Growing in faith, and living a life of faith is also based on personal experience and the experience of others.  Hopefully throughout life, we seek to grow in our faith, to deepen our knowledge of God.  We put ourselves in positions to grow—we pray, we read scripture, we worship, we go to confession, we go to retreats, and we serve others.  And we also grow through the experience of others.  We read the lives of the saints.  We find other people of faith to encourage us when our faith is challenged.  We find other role models we can look to for inspiration. 

Today’s verse tell us that faith is the assurance of things hoped for, the conviction of things not seen.  And when we have faith, we live with confidence (assurance), hope, and conviction.  I’ve never been to heaven, yet I believe heaven exists.  I don’t know what it is like to die, yet I believe if I die having lived a life of faith, that God will look favorably on me and grant me entrance into His Kingdom.  I don’t know exactly how much faith I need or how many good works will give God a favorable impression of my life, so I work hard to grow in faith, by studying, by praying and by serving. 

I still have a long way to go.  However, I have a sense of hope for the future, and a sense of conviction about the present, and this is enough to give me assurance/confidence in what I’m doing on a daily basis.  As I said, I still have a long way to go.  And some days, I have less hope and conviction than on others.  This is where my encouragers and role models come in.  They help strengthen my faith when I can’t strengthen it myself.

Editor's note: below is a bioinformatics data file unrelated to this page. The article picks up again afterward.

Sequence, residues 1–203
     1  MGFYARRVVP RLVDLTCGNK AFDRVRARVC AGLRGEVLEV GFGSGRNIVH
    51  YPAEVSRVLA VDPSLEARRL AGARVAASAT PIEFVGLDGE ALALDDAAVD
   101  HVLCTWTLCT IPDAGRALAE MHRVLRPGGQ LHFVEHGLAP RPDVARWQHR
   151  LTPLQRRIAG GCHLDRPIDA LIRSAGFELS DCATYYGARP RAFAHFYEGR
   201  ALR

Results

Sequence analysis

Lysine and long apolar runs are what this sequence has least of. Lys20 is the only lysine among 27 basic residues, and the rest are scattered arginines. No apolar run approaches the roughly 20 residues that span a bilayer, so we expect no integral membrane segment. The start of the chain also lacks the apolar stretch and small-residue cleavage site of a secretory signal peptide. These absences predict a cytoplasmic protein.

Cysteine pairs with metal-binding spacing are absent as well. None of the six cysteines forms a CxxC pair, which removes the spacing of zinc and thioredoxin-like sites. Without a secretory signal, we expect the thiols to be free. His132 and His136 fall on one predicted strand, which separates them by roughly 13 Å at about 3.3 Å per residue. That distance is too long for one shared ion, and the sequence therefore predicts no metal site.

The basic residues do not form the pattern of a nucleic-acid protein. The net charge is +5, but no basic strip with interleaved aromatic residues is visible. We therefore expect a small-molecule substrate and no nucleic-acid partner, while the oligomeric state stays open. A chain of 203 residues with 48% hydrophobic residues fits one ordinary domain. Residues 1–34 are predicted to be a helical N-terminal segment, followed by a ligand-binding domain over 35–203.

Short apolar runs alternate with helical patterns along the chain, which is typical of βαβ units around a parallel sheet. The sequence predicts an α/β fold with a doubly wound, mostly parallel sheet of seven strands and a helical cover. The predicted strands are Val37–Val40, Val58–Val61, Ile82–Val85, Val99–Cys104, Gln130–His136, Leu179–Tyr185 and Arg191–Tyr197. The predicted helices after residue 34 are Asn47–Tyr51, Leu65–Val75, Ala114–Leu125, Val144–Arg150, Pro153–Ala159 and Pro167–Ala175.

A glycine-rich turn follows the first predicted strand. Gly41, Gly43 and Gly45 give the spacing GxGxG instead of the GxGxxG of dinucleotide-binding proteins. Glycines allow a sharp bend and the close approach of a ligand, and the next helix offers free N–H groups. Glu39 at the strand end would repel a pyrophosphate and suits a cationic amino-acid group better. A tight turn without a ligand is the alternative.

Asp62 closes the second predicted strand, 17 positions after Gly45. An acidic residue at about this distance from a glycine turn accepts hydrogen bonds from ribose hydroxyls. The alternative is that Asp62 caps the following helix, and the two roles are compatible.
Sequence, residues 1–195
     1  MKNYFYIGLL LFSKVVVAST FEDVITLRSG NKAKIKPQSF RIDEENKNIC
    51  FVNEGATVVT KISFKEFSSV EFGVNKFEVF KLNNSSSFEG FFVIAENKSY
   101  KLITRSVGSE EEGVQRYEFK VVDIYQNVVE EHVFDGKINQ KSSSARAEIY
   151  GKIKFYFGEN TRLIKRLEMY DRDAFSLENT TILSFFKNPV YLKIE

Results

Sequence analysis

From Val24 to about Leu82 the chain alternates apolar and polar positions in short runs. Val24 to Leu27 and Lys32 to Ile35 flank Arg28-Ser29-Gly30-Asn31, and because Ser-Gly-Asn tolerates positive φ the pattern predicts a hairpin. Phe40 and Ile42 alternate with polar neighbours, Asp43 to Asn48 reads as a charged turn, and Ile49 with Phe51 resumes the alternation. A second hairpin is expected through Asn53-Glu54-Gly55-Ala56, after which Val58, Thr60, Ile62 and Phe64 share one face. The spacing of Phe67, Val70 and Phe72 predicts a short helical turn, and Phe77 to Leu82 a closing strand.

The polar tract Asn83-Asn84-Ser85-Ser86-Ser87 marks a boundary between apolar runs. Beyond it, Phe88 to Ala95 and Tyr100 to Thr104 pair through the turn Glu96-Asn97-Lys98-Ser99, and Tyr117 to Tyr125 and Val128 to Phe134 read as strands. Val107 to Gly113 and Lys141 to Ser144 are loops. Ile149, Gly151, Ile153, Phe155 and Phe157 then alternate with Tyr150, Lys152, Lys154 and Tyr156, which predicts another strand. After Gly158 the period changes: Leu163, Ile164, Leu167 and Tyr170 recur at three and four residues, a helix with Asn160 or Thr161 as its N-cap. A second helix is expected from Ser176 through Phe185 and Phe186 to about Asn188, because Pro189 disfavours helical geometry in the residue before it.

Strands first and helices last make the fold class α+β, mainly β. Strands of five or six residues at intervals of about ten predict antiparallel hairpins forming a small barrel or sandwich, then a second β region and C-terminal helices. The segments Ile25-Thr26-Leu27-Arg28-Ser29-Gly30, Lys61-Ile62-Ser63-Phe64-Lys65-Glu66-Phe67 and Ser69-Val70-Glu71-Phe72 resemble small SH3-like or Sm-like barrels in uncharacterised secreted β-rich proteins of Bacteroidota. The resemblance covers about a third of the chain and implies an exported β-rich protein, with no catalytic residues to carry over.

Faith is a daily choice—you have to choose to live a life of faith every day.  And with faith comes the choice to be hopeful and the choice to have conviction about that hope.  Indeed faith in God takes some courage—to trust in that which we cannot fully see or fully comprehend.  Yet if we have enough faith to enter into marriage, college, career, and so many other things we do not fully comprehend or know how they will turn out, then why can’t we have faith to enter into a relationship with God?  I have heard it said that it take more faith to not believe than to believe.  I don’t know if that is true, because I believe.  I hope that together we can grow in our faith.  I hope these messages encourage you.  Your prayers encourage me. 

Lord, make my faith firm.  Help me to grow in it.  Give me assurance, conviction and hope.  Help me to trust, even when I cannot see.  Help me to trust in You plan for my life, even when I don’t understand it.  Help me to stay faithful in my moments of doubt.  Give me joy in my moments of strong faith, so that I may stay faithful even in my moments of weakness, clinging to that joy and that hope.  Amen.

Pray, serve, grow, hope, be confident in your faith today!


+Fr. Stavros


With Roger Hunt providing today’s Daily Reading: Listen Now.

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About author

Fr. Stavros Akrotirianakis

Fr. Stavros N. Akrotirianakis is the Proistamenos of St. John Greek Orthodox Church in Tampa, FL. Fr. contributes the Prayer Team Ministry, a daily reflection, which began in February 2015, has produced two books, “Let All Creation Rejoice: Reflections on Advent, the Nativity and Epiphany”: “ and “The Road Back to Christ: Reflections on Lent, Holy Week and the Resurrection.”